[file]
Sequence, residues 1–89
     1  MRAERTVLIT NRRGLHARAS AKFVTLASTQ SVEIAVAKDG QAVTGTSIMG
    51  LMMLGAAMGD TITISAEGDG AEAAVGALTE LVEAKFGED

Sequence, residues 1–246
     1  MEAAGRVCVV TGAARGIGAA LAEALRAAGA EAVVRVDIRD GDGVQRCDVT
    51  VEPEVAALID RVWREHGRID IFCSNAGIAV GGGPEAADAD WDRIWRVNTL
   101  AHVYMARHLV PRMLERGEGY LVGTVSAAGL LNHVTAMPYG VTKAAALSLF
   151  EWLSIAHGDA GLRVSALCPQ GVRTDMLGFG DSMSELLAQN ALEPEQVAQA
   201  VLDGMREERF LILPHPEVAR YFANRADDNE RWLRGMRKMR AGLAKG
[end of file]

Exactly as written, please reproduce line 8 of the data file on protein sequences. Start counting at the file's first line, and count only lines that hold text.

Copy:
   151  EWLSIAHGDA GLRVSALCPQ GVRTDMLGFG DSMSELLAQN ALEPEQVAQA